Addled by Adderall | Back to School | Salt Lake City | Salt Lake City Weekly

Guides » Back to School

Addled by Adderall

Every generation finds a new crutch to get an academic edge.



It’s not uncommon to see college students at 10:30 on a Wednesday night at their school’s library, up to their necks in homework, with papers due Friday, midterms on Monday, dozens of flashcards to mull over, chapters of reading to do and Facebook windows open on their MacBook Pros. When 11:45 p.m. rolls around, exhaustion sets in at just the wrong time.

Instead of grabbing a coffee or an energy drink, what if there were something more effective and faster acting, almost as cheap and nearly as accessible? That “something” is called Adderall, a prescription drug used by a growing number of college students as a study aid. The drug’s use among college students today goes almost unnoticed, but its popularity on college campuses presents an interesting look at the psyche of today’s sleep-starved student.

Adderall is, according to Glen Hanson, a University of Utah pharmacy professor, prescribed to those with Attention Deficit Hyperactivity Disorder to help them focus in a classroom or work setting. For those who don’t have ADHD, though, Adderall provides hours of energy and stamina. College students who use it claim it’s a miracle drug.

“I get very productive, jittery and feel kind of hopped up and energetic,” says Tim Norwich (not his real name), a 19-year-old sophomore at the U of U, describing how Adderall affects him.

His roommate, Mitch Goddard (also a pseudonym), who’s the same age and school year, agrees. “It puts me in a state of pure and total concentration.” Both Norwich and Goddard say that they take Adderall to prepare for tests and finals and typically don’t take it for homework unless it’s a larger-than-normal load. Norwich explains he could get through tests and finals without Adderall, but he and Goddard both use the drug because, as Norwich says, “It makes you more efficient.” Neither Norwich nor Goddard have to look far in their attempt to purchase Adderall, as both have friends who sell the drug.

U of U student Jonathan Shepard (also a pseudonym), 19, sells 20mg Adderall pills for $5 a pop and 30mg pills for $8. For Shepard, the drug deal is a casual encounter: Meet up with a stranger (who’s been referred to Shepard by a friend) on the U of U campus, do a quick money/pill exchange, and then both seller and buyer go on about their business. Like many who sell Adderall, Shepard has a prescription and rations out how many pills he wants to take for his ADHD and how many he’d like to sell to energy-hungry college students.

Obtaining a prescription for Adderall isn’t difficult. Some say they researched the symptoms of ADHD and relayed that information verbatim to a doctor, resulting in a prescription. Paul Marshall, a neuropsychologist with the Hennepin County Medical Center in Minneapolis, spent five years studying flawed ADHD diagnoses. His research found that 22 percent of adults evaluated for ADHD lied or exaggerated their symptoms in order to obtain a prescription for Adderall.

The mentality behind taking Adderall is obvious: It’s an inexpensive and accessible study aid that gives students a stronger competitive edge. Students do, though, need to be aware of the risks involved with using Adderall.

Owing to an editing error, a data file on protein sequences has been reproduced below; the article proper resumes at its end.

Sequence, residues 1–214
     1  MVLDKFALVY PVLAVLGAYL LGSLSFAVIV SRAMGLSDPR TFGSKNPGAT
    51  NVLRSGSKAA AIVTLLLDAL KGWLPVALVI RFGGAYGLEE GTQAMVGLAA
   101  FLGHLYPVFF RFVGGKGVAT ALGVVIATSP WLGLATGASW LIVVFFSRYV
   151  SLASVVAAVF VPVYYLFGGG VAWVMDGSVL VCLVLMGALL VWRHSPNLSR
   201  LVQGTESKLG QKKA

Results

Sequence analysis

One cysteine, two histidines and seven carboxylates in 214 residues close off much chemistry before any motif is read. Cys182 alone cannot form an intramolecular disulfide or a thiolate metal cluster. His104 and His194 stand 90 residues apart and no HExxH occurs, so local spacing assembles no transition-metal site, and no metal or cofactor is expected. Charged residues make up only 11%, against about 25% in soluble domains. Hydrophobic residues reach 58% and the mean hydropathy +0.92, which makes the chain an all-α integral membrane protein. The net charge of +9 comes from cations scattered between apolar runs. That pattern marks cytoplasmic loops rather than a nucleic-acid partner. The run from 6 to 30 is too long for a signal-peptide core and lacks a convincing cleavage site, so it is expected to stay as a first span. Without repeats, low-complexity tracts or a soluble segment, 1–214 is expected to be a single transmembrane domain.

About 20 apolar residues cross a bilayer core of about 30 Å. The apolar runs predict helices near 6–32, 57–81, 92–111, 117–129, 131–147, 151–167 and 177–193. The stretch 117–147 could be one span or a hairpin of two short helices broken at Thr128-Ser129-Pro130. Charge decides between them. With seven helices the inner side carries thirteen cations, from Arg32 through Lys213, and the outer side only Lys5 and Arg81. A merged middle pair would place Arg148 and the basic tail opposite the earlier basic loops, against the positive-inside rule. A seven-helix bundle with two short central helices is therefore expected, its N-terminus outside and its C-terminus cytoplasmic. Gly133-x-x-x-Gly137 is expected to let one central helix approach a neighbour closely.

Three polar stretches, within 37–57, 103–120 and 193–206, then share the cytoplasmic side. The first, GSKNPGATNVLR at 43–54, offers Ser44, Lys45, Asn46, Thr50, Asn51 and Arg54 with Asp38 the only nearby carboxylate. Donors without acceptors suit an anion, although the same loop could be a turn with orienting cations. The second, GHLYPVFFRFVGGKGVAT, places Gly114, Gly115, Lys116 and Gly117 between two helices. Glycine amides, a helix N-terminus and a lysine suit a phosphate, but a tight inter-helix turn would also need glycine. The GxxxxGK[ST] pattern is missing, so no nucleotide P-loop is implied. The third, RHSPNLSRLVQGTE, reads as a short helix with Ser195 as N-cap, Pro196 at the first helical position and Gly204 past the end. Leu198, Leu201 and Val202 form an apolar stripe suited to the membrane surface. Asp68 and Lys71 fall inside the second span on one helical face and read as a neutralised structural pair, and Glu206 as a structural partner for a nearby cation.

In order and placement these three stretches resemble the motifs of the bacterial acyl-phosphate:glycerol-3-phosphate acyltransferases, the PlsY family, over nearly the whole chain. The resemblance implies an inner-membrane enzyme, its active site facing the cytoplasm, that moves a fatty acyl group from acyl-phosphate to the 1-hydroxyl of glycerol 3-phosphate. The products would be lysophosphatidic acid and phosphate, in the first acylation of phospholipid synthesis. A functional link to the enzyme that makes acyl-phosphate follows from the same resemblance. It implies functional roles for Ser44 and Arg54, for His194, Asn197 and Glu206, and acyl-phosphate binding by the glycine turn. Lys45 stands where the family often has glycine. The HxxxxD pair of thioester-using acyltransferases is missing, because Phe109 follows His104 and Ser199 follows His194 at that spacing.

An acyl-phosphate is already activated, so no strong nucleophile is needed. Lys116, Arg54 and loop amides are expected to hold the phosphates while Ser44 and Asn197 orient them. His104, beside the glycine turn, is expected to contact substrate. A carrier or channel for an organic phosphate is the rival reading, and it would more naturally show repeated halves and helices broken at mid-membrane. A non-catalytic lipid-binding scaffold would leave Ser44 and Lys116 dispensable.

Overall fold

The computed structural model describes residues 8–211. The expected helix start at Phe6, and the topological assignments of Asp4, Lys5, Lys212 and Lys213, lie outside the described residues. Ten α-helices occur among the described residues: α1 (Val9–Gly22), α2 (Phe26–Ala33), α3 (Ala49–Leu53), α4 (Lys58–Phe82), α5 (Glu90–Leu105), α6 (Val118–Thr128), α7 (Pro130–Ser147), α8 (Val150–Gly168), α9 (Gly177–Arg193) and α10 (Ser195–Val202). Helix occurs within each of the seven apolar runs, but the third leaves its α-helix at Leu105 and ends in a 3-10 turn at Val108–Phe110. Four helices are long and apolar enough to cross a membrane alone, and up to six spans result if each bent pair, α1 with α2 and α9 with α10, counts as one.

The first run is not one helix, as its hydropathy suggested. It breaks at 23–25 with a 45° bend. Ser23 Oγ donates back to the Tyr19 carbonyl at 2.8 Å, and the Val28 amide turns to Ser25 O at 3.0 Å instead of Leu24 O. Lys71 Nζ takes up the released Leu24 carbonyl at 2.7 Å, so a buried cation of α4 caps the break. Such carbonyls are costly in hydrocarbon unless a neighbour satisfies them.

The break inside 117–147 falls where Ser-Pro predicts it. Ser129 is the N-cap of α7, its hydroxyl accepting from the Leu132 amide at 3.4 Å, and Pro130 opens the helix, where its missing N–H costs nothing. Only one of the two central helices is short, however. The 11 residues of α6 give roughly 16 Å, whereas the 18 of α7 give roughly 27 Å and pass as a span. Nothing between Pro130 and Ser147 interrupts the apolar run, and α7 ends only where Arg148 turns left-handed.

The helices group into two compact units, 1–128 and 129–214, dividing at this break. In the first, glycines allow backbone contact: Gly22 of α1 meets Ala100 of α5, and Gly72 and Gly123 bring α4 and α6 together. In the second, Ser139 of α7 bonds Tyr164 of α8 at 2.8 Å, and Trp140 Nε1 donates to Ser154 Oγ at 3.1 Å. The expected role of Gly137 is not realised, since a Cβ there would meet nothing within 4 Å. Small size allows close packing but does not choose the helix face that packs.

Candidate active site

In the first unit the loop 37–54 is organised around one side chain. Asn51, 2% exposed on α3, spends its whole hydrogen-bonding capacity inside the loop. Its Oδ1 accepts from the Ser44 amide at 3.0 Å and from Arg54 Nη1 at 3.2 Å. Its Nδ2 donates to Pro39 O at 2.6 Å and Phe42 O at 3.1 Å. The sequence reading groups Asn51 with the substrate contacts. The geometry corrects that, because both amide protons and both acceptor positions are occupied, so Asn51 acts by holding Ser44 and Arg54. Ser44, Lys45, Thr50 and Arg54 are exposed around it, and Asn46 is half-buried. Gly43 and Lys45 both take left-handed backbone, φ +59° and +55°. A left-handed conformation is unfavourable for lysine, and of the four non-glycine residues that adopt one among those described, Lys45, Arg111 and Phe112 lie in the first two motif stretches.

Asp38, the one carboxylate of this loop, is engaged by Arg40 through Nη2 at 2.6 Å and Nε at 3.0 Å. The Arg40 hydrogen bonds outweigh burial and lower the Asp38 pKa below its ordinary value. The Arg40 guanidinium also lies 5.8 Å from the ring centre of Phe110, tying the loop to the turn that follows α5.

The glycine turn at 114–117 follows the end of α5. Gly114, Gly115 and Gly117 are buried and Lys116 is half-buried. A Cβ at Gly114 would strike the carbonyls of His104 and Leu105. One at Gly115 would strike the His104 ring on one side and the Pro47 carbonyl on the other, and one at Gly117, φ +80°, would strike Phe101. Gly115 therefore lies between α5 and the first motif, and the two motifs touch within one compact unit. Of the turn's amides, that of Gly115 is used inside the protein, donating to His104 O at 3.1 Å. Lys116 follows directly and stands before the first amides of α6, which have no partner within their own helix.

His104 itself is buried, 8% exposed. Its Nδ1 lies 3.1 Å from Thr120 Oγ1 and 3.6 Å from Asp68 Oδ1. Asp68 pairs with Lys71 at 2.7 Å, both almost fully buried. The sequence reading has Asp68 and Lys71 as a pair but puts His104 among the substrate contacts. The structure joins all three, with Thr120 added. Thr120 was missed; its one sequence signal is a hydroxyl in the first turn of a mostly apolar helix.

Because Adderall is an amphetamine, the U.S. Food & Drug Administration warns it has a “high potential for abuse” and the “misuse of an amphetamine may cause sudden death and serious cardiovascular adverse events.” Hanson says Adderall use “can definitely cause addiction” and dependency, which, over time, will change the brain’s chemistry.

Hanson explains that because Adderall is an amphetamine compound, Adderall is simply a legal, lower dose of methamphetamine that one would see being abused on the streets. Hanson also notes that because drug abuse is defined as “using a drug in a manner in which it’s not medically prescribed,” using Adderall without a prescription is illegal and abusive.

Skeptical of Adderall’s reputation as a “miracle drug,” Hanson sees Adderall as a temporary crutch that suppresses fatigue so students can stay on tasks for longer periods of time. The drug keeps an individual awake to help him or her study longer, but does not improve how one studies. “You’ll crash eventually, physiologically,” he says. “Amphetamine is not a source of energy; energy comes from nutrients.”

Energy may come from nutrients, but nutrients take time to kick in. Adderall, users say, when taken orally, kicks in within a half hour, or immediately when snorted.

Adderall possession without a prescription is illegal, but that doesn’t deter some students from taking it—on the contrary, it only enhances Adderall’s appeal. Taking a pharmaceutical drug, which has a high that some college students say is similar to cocaine’s, helps students blast through homework, keeps them awake longer on weekends and even can be used as an appetite suppressant, is the epitome of cool. Adderall usage makes students unstoppable.

When finals season arrives this December, the U of U library will be swarmed with sleep-deprived students with a list of things to accomplish that appears endless—so endless it justifies hunting down someone willing to sell some of his or her Adderall, however dire the warnings and illegalities of illicit use may be. 

Comments (3)

Showing 1-3 of 3

Add a comment

Add a comment